She slumped into a chair at the drop-leaf table and gazed around the kitchen, at the vintage Magic Chef stove she’d begged Thomas for, a replacement to the avocado double-ovens his grandparents had installed in the 1970’s. She’d loved how the hulking appliance conjured up images of aprons and long simmered stews, how its warming drawers heated the room in the winter; how it fit so well it was almost as if the room had been built around it.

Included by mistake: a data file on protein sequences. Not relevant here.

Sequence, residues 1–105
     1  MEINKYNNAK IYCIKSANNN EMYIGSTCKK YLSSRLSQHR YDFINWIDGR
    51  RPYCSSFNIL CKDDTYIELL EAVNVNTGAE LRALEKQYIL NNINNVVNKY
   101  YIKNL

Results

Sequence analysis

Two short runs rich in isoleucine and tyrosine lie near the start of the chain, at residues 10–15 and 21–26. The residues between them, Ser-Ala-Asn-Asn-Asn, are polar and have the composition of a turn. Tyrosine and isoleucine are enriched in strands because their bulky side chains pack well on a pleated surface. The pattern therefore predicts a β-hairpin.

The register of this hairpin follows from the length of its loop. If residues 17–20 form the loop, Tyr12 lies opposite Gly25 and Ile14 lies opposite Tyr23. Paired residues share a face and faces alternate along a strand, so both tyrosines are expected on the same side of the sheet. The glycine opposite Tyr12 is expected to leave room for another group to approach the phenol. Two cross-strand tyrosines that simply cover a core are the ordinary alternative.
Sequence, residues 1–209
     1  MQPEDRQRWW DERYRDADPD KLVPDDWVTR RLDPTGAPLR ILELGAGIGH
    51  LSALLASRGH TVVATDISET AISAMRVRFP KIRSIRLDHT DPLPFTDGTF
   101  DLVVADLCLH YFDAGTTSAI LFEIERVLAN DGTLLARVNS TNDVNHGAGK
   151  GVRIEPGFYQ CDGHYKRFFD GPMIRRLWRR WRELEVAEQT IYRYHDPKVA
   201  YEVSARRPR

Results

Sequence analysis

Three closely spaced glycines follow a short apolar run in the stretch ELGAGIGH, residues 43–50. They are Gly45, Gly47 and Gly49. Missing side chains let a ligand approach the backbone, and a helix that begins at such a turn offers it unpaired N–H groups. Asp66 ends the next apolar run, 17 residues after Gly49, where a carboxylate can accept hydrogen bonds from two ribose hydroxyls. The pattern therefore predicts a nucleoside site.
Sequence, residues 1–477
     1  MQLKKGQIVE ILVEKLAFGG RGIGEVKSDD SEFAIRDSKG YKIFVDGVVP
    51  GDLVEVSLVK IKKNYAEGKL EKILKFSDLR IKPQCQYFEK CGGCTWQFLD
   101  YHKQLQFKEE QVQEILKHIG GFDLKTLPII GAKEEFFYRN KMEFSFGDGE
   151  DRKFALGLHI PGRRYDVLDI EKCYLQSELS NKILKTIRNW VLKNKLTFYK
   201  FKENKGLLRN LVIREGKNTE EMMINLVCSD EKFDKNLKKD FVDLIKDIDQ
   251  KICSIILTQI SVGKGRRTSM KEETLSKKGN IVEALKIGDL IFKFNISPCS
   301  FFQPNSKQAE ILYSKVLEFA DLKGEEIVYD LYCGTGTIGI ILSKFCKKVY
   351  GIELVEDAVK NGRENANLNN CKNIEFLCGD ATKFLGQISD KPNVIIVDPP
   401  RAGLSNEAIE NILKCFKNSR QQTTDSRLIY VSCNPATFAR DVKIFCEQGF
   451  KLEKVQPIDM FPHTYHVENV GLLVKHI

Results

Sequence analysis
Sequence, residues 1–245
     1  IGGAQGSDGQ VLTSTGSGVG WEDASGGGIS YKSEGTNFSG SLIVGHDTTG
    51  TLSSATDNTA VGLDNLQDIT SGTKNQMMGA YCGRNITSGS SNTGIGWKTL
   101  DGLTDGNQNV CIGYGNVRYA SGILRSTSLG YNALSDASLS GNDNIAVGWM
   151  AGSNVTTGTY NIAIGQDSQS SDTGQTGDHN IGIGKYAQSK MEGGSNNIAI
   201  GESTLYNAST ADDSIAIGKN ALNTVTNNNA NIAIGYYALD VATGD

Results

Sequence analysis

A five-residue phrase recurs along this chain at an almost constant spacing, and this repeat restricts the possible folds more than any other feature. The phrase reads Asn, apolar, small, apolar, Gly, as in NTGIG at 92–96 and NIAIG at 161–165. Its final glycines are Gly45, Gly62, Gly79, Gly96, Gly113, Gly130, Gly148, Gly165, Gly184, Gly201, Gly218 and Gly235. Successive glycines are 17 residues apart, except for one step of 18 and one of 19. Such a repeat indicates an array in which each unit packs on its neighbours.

She gazed at the soapstone sink, the pot from the tomato soup she’d eaten. Yesterday? The day before? — took in the corner cupboard, the drifting cobwebs floating above the slate floor. Around her, the house ticked and sighed and shifted, the home she’d tended to for years, surrounding her like an empty casing, a walnut shell, its hollows and paper membranes sculpting a memory of all that had once been there, all that once was.